Digitizing Artifacts: Digital image file types explained

Digitzing Artifacts: Digital image file types explainedThere are many file types used to encode digital images. The choices are similar but have different characteristics and are best suited for specific applications.  You will often hear file types referred to as “Loosy” or “Lossless” compression.

Lossless  is a compression technique that decompresses data back to its original form without any loss. The decompressed file and the original are identical. All compression methods used to compress text, databases and other business data are lossless. For example, the ZIP archiving technology (PKZIP, WinZip, etc.) is a widely used lossless method.

Lossy is a compression technique that does not decompress data back to 100% of the original. Lossy methods provide high degrees of compression and result in very small compressed files, but there is a certain amount of loss when they are restored. Audio, video and some imaging applications can tolerate loss, and in many cases, it may not be noticeable to the human ear or eye. In other cases, it may be noticeable, but not that critical to the application. The more tolerance for loss, the smaller the file can be compressed, and the faster the file can be transmitted over a network. Examples of lossy file formats are MP3, AAC, MPEG and JPEG.

The most common file types that you will see referred to most often in digitizing are BMP, GIF, JPG, PNG, RAW, and TIFF. The following is a brief overview of each.

BMP is an uncompressed proprietary format invented by Microsoft. There is really no reason to ever use this format.

GIF creates a table of up to 256 colors from a pool of 16 million. If the image has fewer than 256 colors, GIF can render the image exactly. When the image contains many colors, software that creates the GIF uses any of several algorithms to approximate the colors in the image with the limited palette of 256 colors available. Better algorithms search the image to find an optimum set of 256 colors. Sometimes GIF uses the nearest color to represent each pixel, and sometimes it uses “error diffusion” to adjust the color of nearby pixels to correct for the error in each pixel.

GIF achieves compression in two ways. First, it reduces the number of colors of color-rich images, thereby reducing the number of bits needed per pixel, as just described. Secondly, it replaces commonly occurring patterns (especially large areas of uniform color) with a short abbreviation; instead of storing “white, white, white, white, white,” it stores “5 white.”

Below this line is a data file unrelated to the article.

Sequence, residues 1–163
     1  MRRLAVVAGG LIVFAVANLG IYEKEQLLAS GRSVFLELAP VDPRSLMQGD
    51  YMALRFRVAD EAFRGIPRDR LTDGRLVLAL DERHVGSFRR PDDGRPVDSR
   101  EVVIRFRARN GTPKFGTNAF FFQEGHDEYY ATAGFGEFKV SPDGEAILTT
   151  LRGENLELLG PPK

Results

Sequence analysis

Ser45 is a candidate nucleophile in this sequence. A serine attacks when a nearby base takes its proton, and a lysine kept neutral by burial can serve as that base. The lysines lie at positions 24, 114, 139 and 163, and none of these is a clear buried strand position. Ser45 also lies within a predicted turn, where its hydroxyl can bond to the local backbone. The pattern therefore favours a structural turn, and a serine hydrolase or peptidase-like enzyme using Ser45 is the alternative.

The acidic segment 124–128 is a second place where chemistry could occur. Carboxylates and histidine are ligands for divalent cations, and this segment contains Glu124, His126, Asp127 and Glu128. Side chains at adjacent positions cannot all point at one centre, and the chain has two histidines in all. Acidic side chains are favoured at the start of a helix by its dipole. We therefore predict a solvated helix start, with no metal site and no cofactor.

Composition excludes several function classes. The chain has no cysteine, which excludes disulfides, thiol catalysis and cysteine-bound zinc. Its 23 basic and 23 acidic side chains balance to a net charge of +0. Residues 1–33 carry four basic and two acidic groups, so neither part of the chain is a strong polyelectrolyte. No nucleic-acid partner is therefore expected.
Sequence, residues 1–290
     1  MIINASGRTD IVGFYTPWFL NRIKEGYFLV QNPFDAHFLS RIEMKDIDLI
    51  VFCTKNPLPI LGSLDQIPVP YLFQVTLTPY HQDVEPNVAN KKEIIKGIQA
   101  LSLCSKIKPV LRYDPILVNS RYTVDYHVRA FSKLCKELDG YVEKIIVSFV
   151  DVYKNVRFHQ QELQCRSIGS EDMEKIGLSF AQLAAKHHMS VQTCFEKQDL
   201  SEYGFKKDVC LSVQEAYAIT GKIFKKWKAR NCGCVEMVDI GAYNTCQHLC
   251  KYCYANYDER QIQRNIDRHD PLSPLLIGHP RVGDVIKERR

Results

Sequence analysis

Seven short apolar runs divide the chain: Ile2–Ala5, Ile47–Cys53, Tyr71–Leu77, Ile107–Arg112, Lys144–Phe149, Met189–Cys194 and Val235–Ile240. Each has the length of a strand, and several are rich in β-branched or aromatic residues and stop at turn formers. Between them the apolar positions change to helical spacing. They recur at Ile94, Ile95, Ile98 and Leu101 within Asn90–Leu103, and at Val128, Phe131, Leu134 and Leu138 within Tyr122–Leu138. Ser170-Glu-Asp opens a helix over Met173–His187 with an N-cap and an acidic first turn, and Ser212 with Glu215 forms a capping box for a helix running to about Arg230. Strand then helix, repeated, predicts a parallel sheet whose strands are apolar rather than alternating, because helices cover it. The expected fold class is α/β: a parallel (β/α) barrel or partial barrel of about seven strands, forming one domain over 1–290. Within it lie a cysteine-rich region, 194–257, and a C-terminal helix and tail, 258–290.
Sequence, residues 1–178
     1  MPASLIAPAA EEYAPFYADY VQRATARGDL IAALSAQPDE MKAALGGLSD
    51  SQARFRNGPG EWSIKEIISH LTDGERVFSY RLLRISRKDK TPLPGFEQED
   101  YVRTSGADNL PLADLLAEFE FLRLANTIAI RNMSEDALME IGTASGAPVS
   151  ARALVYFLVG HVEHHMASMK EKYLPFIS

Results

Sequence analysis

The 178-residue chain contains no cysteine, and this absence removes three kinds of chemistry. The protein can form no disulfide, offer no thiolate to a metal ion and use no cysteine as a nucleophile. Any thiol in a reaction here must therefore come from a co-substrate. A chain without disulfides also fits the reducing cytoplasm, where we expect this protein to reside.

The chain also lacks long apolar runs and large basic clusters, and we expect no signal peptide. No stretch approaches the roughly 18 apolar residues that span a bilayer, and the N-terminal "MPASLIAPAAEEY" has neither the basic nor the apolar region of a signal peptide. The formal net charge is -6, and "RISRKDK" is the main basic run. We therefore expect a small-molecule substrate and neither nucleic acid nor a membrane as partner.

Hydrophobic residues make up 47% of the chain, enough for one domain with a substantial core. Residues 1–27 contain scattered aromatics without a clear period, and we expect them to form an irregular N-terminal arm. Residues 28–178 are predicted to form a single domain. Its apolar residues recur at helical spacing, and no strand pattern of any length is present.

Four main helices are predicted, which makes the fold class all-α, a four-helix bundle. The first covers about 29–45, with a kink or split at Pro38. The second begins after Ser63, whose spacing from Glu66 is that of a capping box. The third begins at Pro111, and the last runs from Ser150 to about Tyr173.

Thus, GIF is “lossless” only for images with 256 colors or less. For a rich, true color image, GIF may “lose” 99. % of the colors.

JPG is optimized for photographs and similar continuous tone images that contain many, many colors. It can achieve astounding compression ratios even while maintaining very high image quality. GIF compression is unkind to such images. JPG works by analyzing images and discarding kinds of information that the eye is least likely to notice. It stores information as 24-bit color. Note: The degree of compression for a JPG is adjustable. At moderate compression levels of photographic images, it is very difficult for the eye to discern any difference from the original, even at extreme magnification. Compression factors of more than 20 are often quite acceptable. Better graphics programs, such as Paint Shop Pro and Photoshop, allow you to view the image quality and file size as a function of compression level, so that you can conveniently choose the balance between quality and file size.

PNG is also a lossless storage format. However, in contrast with common TIFF usage, it looks for patterns in the image that it can use to compress file size. The compression is exactly reversible, so the image is recovered exactly. PNG is superior to GIF. It produces smaller files and allows more colors. PNG also supports partial transparency. Partial transparency can be used for many useful purposes, such as fades and antialiasing of text. Unfortunately, Microsoft’s Internet Explorer does not properly support PNG transparency, so for now Web authors must avoid using transparency in PNG images or direct their users to Mozilla or Firefox browsers. PNG is of principal value in two applications: